Picasso: Artist of the 20th C.
Picasso�s titanic achievement�as painter, sculptor, and printmaker�reflects
nearly every aspect of 20th-century experience. And a close examination
of his art and life can show us how one immensely fertile imagination
grappled with all the crosscurrents of modern culture. From his early days in
Barcelona�s hardscrabble bohemia to his later decades as a living legend on
the Riviera, Picasso felt the pulse of modernity. His work embraces political
radicalism and erotic experimentation, ivory-tower formalism and popular
culture. Picasso was a man of paradoxes, and by exploring his contradictions
we can gain unique insights into the challenges that any artist faces in
the modern world. He was a traditionalist but also a nihilist, a man who
remained true to his Spanish origins even as he passed much of his life in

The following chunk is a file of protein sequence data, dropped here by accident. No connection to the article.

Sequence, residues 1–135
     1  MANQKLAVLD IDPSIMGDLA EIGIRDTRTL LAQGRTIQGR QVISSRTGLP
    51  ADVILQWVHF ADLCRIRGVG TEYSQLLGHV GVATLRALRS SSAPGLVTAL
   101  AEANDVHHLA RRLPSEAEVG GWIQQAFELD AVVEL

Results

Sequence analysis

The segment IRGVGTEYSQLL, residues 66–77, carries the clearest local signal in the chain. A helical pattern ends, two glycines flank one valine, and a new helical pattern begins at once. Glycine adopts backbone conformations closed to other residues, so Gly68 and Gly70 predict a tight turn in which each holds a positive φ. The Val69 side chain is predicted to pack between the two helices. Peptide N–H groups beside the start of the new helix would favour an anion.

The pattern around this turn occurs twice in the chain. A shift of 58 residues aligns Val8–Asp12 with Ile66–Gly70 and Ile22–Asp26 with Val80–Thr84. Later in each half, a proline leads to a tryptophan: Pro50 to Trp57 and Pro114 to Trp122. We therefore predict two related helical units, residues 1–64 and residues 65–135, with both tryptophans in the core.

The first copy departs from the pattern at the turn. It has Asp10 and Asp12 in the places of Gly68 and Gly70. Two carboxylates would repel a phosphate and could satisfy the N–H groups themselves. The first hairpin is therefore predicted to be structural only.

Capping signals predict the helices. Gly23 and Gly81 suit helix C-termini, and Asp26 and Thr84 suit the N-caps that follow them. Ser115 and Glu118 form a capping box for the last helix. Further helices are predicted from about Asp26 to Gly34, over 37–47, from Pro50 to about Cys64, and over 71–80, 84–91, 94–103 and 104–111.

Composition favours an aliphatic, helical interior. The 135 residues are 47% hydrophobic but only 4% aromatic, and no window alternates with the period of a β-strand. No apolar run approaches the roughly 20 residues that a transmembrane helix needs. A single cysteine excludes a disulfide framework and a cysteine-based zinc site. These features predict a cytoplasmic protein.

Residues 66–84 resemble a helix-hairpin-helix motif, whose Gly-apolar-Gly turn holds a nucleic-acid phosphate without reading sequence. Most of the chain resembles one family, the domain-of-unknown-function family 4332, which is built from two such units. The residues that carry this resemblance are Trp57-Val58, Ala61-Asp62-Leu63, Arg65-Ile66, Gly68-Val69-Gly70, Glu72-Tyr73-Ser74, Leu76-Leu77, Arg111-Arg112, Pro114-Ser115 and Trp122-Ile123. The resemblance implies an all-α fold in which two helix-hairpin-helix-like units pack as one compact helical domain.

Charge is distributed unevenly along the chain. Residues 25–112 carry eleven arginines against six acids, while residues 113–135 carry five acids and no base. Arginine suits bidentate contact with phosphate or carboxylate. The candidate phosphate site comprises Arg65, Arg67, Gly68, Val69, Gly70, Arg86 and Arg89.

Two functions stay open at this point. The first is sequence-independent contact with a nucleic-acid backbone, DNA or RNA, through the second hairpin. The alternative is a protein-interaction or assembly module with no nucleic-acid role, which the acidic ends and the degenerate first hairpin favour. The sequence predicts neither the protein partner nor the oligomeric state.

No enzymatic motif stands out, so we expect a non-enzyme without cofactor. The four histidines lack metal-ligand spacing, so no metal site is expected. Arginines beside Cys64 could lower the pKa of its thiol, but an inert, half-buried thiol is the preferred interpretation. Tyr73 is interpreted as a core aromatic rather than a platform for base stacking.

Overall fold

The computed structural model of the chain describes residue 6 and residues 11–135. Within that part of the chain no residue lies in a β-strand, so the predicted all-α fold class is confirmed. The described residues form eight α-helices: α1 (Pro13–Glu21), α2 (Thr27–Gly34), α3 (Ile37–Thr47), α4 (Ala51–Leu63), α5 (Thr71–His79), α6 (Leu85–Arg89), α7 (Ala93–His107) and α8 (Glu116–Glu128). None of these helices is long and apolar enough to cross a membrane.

the cosmopolitan atmosphere of Paris. He painted not only some of the most
delicately lyrical works of his century but also, in Guernica, the ultimate
political protest mural. His close engagement with Braque in the invention
of Cubism may be the grandest collaborative effort in all the visual arts.
Yet at times he was the most solitary of creators, developing at the end of
his life, in the prints of Suite 347, an unparalleled private erotic mythology.
His friends and admirers included some of the essential authors of his time
(both Gertrude Stein and Andr� Malraux wrote books about his work),
but he was also the first artist to be wholeheartedly embraced by a celebrity
culture. In class we examine a series of images and texts that are central
to the understanding of Picasso�ranging from his early studies of circus
performers, to his surrealist mythologies, to the aesthetic views reflected in
his writings. At the same time, students work individually on various aspects
of his life and experience�from his political activism and possible anarchist
sympathies, to his involvement with the performing arts, to the surrealist
photography of his lover, Dora Maar, to his appearances in photojournalism
and the movies. We also visit museums and print collections in order
to gain a closer understanding of his technical innovations in painting,
printmaking, sculpture, and collage.